No, writing 2020 doesn’t do jack

I’ve seen arguments erupt over the recent police-backed warnings to fully write out “2020” on checks and contracts. For those unaware, checks are pieces of paper than can be used to represent and request money from a bank, and contracts are pieces of paper that if you don’t have a copy of can be altered in any form whatsoever regardless of if you wrote 2020 or 20 on them.

The warning came from a police department in the form that putting the date like 1/7/20 the check could be altered to look like 1/7/2019 such as you wrote the check a year ago, or that you could alter it to 1/7/2021 to indicate that it’s next freakin’ year.

Oh the anarchy that could be caused… a person could claim you didn’t pay them for years by showing a slew of checks dated in 2019 or 2020… except, you know, you’d have a bank transaction record of every time the check was cashed and that would take about 50 seconds to look up.

Changing a date in a contract then comes up as the next thing… well, here’s the thing – you have a copy of said contracts. That’s generally how they work. If you don’t, the person holding the contract can simply modify it at any time they want, lift your signature and move it.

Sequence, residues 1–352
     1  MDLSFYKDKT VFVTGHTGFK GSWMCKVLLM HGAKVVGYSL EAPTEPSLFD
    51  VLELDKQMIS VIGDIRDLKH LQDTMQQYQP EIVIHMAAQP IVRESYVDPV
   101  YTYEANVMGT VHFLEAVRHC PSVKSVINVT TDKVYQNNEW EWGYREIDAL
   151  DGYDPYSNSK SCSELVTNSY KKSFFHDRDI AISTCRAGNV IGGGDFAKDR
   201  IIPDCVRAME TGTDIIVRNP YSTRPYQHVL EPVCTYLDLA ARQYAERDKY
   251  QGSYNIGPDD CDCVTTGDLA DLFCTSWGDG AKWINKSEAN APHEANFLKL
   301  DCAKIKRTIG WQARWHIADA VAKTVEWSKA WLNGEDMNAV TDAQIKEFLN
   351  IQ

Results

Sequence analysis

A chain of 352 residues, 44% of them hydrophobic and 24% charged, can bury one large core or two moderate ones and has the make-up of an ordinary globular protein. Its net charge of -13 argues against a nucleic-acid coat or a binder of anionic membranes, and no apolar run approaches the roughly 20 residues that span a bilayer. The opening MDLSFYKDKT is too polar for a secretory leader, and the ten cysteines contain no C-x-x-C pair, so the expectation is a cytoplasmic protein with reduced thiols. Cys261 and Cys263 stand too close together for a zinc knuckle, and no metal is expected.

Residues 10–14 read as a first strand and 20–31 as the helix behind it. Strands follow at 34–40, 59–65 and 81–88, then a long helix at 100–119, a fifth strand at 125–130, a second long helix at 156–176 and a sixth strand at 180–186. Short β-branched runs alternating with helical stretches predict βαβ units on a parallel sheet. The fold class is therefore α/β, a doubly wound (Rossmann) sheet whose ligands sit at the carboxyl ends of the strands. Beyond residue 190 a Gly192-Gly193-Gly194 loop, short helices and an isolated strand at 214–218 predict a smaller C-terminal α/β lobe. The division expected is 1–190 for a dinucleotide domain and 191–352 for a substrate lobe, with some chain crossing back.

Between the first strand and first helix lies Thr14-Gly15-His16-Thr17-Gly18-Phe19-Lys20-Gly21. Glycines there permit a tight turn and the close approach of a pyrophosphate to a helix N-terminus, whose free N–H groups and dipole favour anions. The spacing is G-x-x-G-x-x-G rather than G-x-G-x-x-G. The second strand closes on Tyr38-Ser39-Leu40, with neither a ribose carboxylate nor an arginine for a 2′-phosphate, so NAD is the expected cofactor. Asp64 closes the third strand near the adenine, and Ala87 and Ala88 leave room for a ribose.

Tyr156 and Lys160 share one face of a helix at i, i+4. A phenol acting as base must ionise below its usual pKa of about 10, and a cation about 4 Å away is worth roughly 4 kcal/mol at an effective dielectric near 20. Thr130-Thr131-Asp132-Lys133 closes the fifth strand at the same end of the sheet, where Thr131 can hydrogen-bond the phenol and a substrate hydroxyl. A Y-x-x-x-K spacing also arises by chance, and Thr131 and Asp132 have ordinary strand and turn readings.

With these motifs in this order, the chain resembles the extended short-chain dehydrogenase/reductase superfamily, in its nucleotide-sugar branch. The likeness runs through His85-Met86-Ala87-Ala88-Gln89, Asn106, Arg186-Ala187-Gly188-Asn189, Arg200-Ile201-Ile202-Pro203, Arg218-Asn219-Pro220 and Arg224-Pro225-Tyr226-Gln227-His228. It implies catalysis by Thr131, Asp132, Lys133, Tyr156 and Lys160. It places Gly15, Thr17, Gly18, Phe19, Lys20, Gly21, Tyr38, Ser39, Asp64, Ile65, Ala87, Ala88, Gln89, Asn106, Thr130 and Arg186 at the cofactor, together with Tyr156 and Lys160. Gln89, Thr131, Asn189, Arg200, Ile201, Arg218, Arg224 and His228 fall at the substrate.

Oooh, you wrote 2020 on the contract… so glad we don’t have technology like Wite-Out that can alter that last 20 so we can claim you started working at Company X in the year 2071 so we don’t have to pay severance. Oh wait, that whole paycheck thing is going to come undone.

But while the 2020 warning seems stupid in the extreme given any scrutiny, what should be looked at is that checks in general are a horrible form of payment option.

Anyone you give a check to has your account number, routing number, and can easily print up a check. Criminals roam neighborhoods looking for red flags up on mailboxes because they can grab checks from them and do whatever.

So yeah, rather than writing out 2020 on your checks, stop using checks. Use a credit card or a bank card you can run as a credit card, pay it off every month. You’re protected by VISA fraud protection. (If you use it as a debit card there’re a lot more hurdles you have to face when it gets stolen)

Thinking about writing 2020 on that contract but not going to keep a copy of the contract? Good luck with that.

But yeah… you know what, rather than arguing about 2020 being a totally arbitrary thing, get your inlaws enrolled in electronic banking, with a couple of accounts so that if one gets compromised they’re not going to be broke while the bank takes 10 business days to refund $5000 charges.

Not really the source of this article, but reminded me about writing it: [slate]

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